“We welcome this much-needed investigation into how we recoup the true value of the service provided to industry and the public by our road network,” Roads Australia President, David Stuart-Watt, said today.
“This initiative is particularly timely given the emergence of new mobility business models, and the expected popularity of electric and automated vehicles.
“We need to have charging systems and technologies in place to ensure everyone pays a fair and equitable price for using roads, regardless of vehicle type or ownership.
“If this national pilot scheme for the heavy vehicle industry is successful, we hope it will open the door to funding and charging reform across the broader road transport user market.”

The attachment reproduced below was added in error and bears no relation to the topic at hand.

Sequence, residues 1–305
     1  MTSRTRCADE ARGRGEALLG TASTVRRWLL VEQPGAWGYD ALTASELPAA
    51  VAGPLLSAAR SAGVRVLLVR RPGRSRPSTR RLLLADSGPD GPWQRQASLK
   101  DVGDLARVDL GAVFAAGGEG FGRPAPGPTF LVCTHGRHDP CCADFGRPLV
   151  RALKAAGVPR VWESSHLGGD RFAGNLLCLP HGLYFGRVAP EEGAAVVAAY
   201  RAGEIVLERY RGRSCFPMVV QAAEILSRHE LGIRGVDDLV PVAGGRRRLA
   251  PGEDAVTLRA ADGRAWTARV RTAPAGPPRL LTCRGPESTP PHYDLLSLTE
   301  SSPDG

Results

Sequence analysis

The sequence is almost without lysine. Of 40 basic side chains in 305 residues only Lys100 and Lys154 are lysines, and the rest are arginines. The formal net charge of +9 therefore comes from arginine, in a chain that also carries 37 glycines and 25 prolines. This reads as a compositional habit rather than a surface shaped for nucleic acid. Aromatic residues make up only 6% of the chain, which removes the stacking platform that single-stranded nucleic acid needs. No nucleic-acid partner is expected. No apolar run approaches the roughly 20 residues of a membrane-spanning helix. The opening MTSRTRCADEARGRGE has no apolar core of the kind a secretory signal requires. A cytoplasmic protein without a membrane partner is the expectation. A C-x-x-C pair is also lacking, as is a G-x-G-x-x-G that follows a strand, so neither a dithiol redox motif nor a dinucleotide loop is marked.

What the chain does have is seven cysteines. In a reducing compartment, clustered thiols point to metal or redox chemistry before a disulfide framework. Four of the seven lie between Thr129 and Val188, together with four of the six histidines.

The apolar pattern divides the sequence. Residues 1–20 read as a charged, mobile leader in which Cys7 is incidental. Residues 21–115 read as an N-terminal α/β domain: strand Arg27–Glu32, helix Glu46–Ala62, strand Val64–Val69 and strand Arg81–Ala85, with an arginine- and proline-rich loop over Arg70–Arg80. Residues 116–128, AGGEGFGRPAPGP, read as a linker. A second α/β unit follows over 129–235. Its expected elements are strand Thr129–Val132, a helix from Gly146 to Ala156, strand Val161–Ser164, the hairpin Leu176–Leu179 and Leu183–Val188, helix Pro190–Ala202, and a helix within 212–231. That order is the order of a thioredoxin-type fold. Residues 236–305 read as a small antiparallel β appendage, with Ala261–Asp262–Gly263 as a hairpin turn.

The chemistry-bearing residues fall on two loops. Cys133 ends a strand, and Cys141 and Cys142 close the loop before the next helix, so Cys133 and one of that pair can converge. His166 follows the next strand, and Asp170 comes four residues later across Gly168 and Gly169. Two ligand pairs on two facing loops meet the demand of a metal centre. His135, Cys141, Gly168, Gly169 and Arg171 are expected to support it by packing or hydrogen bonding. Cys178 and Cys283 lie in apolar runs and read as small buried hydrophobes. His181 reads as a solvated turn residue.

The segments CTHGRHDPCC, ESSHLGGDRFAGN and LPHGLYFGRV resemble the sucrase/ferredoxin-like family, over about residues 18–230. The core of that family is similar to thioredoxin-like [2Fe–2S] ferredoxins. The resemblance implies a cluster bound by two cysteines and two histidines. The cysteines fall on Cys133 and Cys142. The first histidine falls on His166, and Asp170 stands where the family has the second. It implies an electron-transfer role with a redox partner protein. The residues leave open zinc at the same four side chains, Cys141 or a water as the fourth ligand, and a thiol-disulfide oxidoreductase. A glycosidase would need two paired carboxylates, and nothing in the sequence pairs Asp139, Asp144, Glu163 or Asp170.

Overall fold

Mr Stuart-Watt also praised the complementary Business Case Program announced today as an innovative way to uncover untapped potential for further efficiency in the freight and logistics sector at a very local level.
He said the current program of work being done to inform National Heavy Vehicle Reform was a credit to state and federal governments and industry stakeholders.
“They are working together to find a better way to improve services for heavy vehicle road users,” he said.
“Ultimately, this work will deliver economy-wide benefits as efficiencies are passed down the chain.
Alongside charging reform, it’s important that we remain focused on unlocking the most efficient routes for the national freight task.
“A better understanding of the opportunities to improve access will further assist heavy vehicle industry productivity.”